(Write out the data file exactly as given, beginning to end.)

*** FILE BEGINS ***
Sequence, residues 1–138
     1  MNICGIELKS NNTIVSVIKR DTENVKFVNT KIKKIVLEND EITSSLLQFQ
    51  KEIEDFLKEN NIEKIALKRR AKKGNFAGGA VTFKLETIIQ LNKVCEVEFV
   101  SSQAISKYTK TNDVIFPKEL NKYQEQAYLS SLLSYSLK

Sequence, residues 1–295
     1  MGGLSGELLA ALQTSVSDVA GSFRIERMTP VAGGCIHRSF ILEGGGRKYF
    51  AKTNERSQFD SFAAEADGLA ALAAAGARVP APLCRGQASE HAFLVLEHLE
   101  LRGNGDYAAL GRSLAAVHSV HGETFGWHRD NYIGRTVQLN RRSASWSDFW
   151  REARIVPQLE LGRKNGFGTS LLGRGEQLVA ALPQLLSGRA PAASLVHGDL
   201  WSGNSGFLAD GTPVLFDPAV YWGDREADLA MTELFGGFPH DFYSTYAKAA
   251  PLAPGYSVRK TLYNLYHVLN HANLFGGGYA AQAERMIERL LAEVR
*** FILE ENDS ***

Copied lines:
Sequence, residues 1–138
     1  MNICGIELKS NNTIVSVIKR DTENVKFVNT KIKKIVLEND EITSSLLQFQ
    51  KEIEDFLKEN NIEKIALKRR AKKGNFAGGA VTFKLETIIQ LNKVCEVEFV
   101  SSQAISKYTK TNDVIFPKEL NKYQEQAYLS SLLSYSLK

Sequence, residues 1–295
     1  MGGLSGELLA ALQTSVSDVA GSFRIERMTP VAGGCIHRSF ILEGGGRKYF
    51  AKTNERSQFD SFAAEADGLA ALAAAGARVP APLCRGQASE HAFLVLEHLE
   101  LRGNGDYAAL GRSLAAVHSV HGETFGWHRD NYIGRTVQLN RRSASWSDFW
   151  REARIVPQLE LGRKNGFGTS LLGRGEQLVA ALPQLLSGRA PAASLVHGDL
   201  WSGNSGFLAD GTPVLFDPAV YWGDREADLA MTELFGGFPH DFYSTYAKAA
   251  PLAPGYSVRK TLYNLYHVLN HANLFGGGYA AQAERMIERL LAEVR